Research Topic

How do Metabolism, Angiogenesis, and Hypoxia Modulate Resistance?

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One of the biggest barriers to cure cancer is the occurrence of metastasis. Metastatic cells are characterized by having a high mutational load in their DNA as well as many other epigenetic modifications compared to the primary tumor cells from which they derive. In addition, they are generally resistant to ...

One of the biggest barriers to cure cancer is the occurrence of metastasis. Metastatic cells are characterized by having a high mutational load in their DNA as well as many other epigenetic modifications compared to the primary tumor cells from which they derive. In addition, they are generally resistant to conventional radio- and chemotherapy. Therapy-resistance in cancer is provoked by a myriad of factors that together favor a drastic evolution of tumors into particularly aggressive variants that do not respond to chemotherapeutic regimens. The main factors that contribute to such resistance are metabolic changes, hypoxic microenvironment, epigenetic/genetic modulation, aberrant inflammatory response, autophagy disruption and evasion from apoptosis. These events are interlinked, for example, both metabolic changes and hypoxia contribute to the angiogenic development of cancer.

Despite the fact that the altered metabolic pathways in cancer cells were first described almost a century ago, the connection between these alterations and other crucial cellular mechanisms that determine cancer evolution is still poorly understood. For example, while a hypoxic environment directly promotes radio- and chemoresistance in tumor cells; hypoxia-associated microenvironmental stress modulates tumor cell metabolism, survival, and angiogenesis.

The purpose of this Research Topic is to describe key metabolic and tumor microenvironment changes required for a malignant cell (derived from the primary tumor) to become metastatic (and generally resistant to chemo & radiotherapy). Understanding how these factors interact with each other and what are the determinant proteins ultimately responsible for resistance will open new avenues for cancer treatment and therapy.

In this Research Topic we welcome Original Research, Review and Mini-Review articles focussing on the following subtopics:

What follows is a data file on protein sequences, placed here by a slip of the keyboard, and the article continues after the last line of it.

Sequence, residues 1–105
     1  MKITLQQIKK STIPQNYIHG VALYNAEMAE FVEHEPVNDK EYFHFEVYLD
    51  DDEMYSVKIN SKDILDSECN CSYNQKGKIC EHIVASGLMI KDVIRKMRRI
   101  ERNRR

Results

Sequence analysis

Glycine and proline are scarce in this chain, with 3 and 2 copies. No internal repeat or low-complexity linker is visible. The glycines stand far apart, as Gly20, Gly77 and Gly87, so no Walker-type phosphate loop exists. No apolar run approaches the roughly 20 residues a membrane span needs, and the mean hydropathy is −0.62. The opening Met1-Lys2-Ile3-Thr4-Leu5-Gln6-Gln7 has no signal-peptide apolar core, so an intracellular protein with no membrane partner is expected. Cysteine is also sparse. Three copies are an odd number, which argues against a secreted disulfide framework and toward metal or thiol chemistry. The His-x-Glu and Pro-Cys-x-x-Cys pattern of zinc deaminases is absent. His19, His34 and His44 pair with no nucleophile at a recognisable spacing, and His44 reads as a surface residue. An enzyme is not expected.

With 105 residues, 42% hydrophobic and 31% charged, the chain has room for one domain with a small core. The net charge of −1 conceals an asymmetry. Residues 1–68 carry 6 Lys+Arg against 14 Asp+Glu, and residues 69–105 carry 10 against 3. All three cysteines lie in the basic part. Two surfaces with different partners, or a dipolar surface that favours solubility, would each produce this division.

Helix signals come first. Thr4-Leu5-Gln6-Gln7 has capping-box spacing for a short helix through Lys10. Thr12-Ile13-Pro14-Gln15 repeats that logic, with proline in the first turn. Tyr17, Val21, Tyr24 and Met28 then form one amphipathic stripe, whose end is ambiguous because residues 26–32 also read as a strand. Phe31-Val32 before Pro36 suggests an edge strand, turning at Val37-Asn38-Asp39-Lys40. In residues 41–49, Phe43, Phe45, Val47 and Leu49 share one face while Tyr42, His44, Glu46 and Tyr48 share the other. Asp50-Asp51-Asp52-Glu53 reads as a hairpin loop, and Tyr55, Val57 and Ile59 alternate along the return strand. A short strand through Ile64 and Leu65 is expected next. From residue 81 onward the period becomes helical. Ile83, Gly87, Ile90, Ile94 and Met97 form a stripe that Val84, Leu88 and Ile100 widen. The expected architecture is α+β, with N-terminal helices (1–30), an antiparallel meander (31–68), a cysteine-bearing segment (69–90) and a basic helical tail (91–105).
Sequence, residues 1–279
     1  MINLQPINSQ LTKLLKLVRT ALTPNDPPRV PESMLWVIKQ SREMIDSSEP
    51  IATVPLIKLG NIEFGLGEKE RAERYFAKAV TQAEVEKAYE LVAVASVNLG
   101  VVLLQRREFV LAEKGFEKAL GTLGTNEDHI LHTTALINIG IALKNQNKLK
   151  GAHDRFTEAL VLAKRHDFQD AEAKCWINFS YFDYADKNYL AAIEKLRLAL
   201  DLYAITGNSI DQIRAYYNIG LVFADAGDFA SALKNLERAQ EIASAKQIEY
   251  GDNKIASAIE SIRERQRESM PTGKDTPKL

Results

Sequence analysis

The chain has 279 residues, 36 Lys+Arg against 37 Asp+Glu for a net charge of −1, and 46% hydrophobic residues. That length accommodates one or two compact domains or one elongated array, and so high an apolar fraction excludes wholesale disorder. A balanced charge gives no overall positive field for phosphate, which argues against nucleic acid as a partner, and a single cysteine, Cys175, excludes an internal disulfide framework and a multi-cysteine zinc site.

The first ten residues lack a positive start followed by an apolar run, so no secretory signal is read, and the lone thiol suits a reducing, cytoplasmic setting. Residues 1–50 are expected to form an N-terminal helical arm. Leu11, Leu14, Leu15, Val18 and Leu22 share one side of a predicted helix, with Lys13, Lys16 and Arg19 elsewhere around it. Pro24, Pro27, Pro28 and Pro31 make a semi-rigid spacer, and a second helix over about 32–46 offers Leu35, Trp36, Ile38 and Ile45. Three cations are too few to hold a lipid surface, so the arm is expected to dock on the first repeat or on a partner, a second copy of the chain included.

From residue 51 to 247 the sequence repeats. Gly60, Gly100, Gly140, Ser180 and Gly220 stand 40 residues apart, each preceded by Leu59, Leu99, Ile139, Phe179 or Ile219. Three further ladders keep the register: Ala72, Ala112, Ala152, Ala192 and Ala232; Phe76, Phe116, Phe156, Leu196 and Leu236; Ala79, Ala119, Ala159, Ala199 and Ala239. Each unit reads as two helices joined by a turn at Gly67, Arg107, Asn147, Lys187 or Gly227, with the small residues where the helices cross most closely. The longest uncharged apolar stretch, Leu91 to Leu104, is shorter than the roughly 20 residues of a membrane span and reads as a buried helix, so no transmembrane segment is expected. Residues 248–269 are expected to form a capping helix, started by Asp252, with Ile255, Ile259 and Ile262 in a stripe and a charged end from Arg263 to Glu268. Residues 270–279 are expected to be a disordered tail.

1) Metabolites resulting from glycolysis, gluconeogenesis, and cellular respiration.
2) Antioxidant defense and cancer: implications for reactive oxygen species (ROS) regulation.
3) Cancer-associated fibroblasts (CAFs) and inflammation: role of tumor microenvironment in inducing drug resistance.
4) Hypoxic adaptation to different niches, including the cancer stem cell niche.
5) Glycolysis in cancer, in the specific context of metabolic plasticity, which may be specifically associated with resistance to therapy and metastasis.
6) Examples of alternative splicing and RNA translation in tumor progression.
7) How does lipid metabolic adaptation play a crucial role in cancer?
8) Disruption of mitochondrial function and mitochondrial DNA mutations in relation to the development and progression of cancer.
9) Targeting aberrant signaling pathways related to stemness.
10) Autophagy and apoptosis: How does the disruption of autophagy influence and determine the resistance acquisition phenotype, and how do these two processes are interconnected.
11) Vasculogenesis and angiogenesis: Advances in how these two closely related processes predispose to metastasis.
12) How the metabolism in cancer interacts with the microbiome.
13) Where the new therapies in oncology are headed: An overview.


Keywords: metabolism, resistance, cancer, hypoxia, stress


Important Note: All contributions to this Research Topic must be within the scope of the section and journal to which they are submitted, as defined in their mission statements. Frontiers reserves the right to guide an out-of-scope manuscript to a more suitable section or journal at any stage of peer review.

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